Our galaxy is one of billions of galaxies populating the universe. It would be the height of presumption to think that we are the only living things in that enormous immensity
-- Werner Von Braun
In the early part of the 20th century, Edwin Hubble began studying “spiral nebulae.” Distance measurements using the period-luminosity relationship for Cepheid variables would eventually show these “nebulae” were in fact other galaxies outside our own. Hubble came to recognize that there are several types of galaxies based on their visual appearance (morphology). He expanded his studies to include all types of galaxies, and was eventually able to show that the universe is expanding (Hubble’s law). To help his studies, he also developed a morphological classification system for galaxies. Despite modifications and refinements over the years reflecting our increasing understanding of these beautiful stellar systems, the basic Hubble classification still remains in widespread use today.
In Hubble’s classification, galaxies are divided into 5 basic groups: elliptical, lenticular or S0, spiral, barred spiral, and irregular. Elliptical galaxies generlly lack any overal structure except for their general shape. Spirals and barred spirals have a distinct disk and bulge, and get their name from the fact that there appear to be spiral arms in the disk. Lenticulars appear very similar to the ellipticals but actually have a distinct bulge and disk. In most cases, the disk is very hard to make out in optical images. Irregular is the catch-all for everything else.
Each group is further divided based on characteristics within the group:
In addition, there are peculiar galaxies. These are classifiable as a particular type but have something strange about them. For example, it may be classifiable as an edge-on type Sc but the spiral disk may be warped, or as a E4 but have a distinct blob of gas near one edge. The first atlas of peculiar galaxies was compiled by Halton C. Arp in 1966. In many cases he classified galaxies as peculiar because there was an unresolved companion, so it looked like there was a blob on the side of the galaxy.
Overal there are 16 different classes for galaxies in this system. It works fairly well for the nearby bright galaxies Hubble was studying. However, as astronomy developed, especially at non-optical wavelengths, the need for more catagories arose. Several other classification systems were developed, but the most popualr was developed by Gerard de Vaucouleurs in 1959. He basically expanded the Hubble classification system allowing for inermediate classes such as Sab, and adding extra notations such as + and - signs or extra letters like m to indicate things like the the strength of the bar, disk structure in lenticulars, rings in sprirals, and different structures in irregulars. Using this classification system, there are hudreds of different types of galaxies possible. This is the system generally used if the Hubble classification system in insufficient.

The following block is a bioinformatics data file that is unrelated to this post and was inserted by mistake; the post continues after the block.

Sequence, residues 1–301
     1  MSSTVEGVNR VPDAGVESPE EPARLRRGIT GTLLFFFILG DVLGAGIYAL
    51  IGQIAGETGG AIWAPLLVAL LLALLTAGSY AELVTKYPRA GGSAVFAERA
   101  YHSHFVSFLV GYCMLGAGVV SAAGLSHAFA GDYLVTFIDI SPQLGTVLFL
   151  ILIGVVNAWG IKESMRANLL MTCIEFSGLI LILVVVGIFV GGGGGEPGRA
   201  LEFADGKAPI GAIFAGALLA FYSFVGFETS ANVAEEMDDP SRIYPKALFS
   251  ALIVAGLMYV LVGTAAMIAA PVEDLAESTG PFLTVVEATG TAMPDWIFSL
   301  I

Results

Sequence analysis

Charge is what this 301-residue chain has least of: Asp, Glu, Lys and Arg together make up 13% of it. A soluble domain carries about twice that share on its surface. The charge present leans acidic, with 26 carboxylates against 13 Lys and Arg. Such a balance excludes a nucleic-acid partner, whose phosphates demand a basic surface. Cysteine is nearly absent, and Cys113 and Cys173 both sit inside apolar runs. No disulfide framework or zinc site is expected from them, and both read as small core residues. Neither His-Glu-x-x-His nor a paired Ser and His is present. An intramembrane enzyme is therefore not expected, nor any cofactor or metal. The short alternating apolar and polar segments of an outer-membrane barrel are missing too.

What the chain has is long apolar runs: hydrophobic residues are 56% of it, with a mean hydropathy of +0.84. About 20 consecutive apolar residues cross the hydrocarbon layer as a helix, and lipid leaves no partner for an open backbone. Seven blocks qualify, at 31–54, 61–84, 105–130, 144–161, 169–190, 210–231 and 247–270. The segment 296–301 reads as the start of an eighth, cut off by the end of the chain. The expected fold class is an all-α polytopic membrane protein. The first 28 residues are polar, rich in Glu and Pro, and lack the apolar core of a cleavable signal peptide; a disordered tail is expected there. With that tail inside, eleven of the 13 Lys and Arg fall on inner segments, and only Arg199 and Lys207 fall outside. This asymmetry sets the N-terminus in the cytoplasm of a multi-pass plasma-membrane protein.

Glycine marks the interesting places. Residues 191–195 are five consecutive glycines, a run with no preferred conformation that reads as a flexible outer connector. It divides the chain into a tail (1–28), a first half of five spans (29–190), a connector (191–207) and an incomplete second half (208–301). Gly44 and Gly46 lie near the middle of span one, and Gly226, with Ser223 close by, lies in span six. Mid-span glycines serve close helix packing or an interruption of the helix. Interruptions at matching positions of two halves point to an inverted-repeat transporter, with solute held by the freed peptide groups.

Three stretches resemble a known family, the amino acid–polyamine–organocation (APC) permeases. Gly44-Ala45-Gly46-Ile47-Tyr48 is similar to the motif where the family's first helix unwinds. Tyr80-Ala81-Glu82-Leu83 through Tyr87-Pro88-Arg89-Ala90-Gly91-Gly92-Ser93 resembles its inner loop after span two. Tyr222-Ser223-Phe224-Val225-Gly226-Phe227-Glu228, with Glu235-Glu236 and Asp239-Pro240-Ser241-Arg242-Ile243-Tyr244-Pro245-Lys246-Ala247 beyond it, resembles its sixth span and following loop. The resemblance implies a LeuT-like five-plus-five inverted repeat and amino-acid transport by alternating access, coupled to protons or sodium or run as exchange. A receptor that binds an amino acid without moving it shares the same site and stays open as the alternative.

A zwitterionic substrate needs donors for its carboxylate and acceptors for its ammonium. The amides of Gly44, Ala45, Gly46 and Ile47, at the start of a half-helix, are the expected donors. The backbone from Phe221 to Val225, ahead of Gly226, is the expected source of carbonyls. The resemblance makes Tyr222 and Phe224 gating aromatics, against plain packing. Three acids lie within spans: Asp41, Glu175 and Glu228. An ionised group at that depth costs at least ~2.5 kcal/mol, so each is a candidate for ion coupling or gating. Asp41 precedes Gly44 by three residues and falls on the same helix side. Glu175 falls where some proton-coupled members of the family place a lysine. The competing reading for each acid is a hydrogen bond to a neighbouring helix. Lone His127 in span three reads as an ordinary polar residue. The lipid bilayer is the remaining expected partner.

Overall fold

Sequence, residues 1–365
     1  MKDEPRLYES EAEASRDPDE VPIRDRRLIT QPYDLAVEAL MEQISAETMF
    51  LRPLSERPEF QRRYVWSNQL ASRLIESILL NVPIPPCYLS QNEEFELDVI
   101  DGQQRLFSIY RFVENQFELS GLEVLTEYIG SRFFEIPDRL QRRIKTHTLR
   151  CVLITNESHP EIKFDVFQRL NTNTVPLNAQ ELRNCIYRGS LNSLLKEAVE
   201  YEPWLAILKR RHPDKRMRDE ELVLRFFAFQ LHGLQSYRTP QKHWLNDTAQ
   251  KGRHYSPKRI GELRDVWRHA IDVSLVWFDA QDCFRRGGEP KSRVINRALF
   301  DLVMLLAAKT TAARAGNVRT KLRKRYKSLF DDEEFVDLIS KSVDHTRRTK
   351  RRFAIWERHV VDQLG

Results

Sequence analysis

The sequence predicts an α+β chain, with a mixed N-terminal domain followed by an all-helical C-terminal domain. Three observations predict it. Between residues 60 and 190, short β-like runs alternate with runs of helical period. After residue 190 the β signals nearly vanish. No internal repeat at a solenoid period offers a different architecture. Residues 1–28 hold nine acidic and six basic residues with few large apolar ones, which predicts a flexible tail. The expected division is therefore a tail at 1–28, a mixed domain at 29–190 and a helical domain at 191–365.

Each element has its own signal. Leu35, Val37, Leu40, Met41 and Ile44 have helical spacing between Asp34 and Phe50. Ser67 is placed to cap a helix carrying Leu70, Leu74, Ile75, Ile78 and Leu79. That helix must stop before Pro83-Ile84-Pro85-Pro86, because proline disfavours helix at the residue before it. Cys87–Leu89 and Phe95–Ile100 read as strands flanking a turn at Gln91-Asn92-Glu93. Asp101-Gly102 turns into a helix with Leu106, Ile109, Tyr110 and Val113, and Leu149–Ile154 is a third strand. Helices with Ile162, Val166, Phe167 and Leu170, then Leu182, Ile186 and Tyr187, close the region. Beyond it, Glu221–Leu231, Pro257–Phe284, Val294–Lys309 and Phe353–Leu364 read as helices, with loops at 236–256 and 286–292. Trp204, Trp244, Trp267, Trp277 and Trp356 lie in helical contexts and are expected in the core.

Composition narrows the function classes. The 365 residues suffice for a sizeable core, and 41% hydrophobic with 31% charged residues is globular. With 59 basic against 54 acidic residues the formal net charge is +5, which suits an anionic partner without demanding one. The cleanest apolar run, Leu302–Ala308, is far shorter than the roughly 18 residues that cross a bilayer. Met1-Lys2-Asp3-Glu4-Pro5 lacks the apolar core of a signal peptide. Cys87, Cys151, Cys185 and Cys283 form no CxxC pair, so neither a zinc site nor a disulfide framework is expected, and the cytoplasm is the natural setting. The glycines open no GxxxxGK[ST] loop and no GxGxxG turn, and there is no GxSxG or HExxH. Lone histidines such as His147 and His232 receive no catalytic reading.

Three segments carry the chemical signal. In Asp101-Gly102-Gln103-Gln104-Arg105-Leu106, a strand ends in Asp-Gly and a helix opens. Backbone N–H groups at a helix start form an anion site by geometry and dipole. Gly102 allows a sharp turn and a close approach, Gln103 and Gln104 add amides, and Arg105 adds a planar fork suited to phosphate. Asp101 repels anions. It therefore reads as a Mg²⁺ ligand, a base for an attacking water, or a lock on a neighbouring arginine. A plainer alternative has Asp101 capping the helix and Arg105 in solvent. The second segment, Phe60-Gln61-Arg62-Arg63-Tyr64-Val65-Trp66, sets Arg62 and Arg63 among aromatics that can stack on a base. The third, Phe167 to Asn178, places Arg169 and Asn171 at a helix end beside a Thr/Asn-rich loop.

In this activity, you use the Hubble classification system to develop a method for classifying galaxies from a set of pre-classified galaxies. Then you'll classify several mystery galaxies. After that, you will draw some conclusions about the history of several types of galaxies based on the color images. If you want more information on the objects or on any of the catalogues and classification systems, http://www.seds.org/messier/ is an excellent place to start.
You need the checklist and 9 images with known classification.
Spread the images out in front of you in the same order as the checklist. Based on your overall view of these images, answer the questions below.
Now you are going to develop a checklist to help you classify galaxies.
Answer the following questions for each of the pictures. If the answer is yes, place a check in the appropriate space on the checklist and leave it blank if the answer is no. If it asks for a number, fill in the number in the appropriate space.
This section will determine the basic type: elliptical, lenticular, spiral, barred spiral or irregular.
This section will determine the number or letter for the elliptical or spiral. You can skip these questions if it is an irregular or lenticular galaxy.
Once you have completed the table, you will have a check list to determine the galaxy type based on the known galaxies. Answer the following questions before going onto part 2.
Your GSI will give you a list for the unknown galaxies. You will need to find the images of the galaxies on your list, then determine their classification as outlined below.
Begin by recording their names in table 1.
In the next column, record which checklist items from numbers 1 - 5 and 7 you answered yes to for each picture, and the rank for 6 if it is a spiral galaxy.
If it is an elliptical or spiral galaxy, measure x and y and calculate e or b/d (checklist items 8 - 10), and record the values in the next 3 columns.
Any additional comments should go in the second to last column. This is a good place to make notes about how you made your final determination of the galaxy type, especially for peculiars and boarder-line galaxies (e.g. an elliptical with e=4.5 or a spiral with a large bulge and loose arms)
Finally, determine the classification and record it in the last column.
Look at the Hubble Ultra Deep Field (UDF) image segment (available here if you want to see the original) Note there are no stars, only galaxies in this image. Light from most of the galaxies in this image left when the universe was about 1 billion years old, so they provide the earliest snapshot yet of what galaxies were like when the universe was young.
Last modified: 9/1/05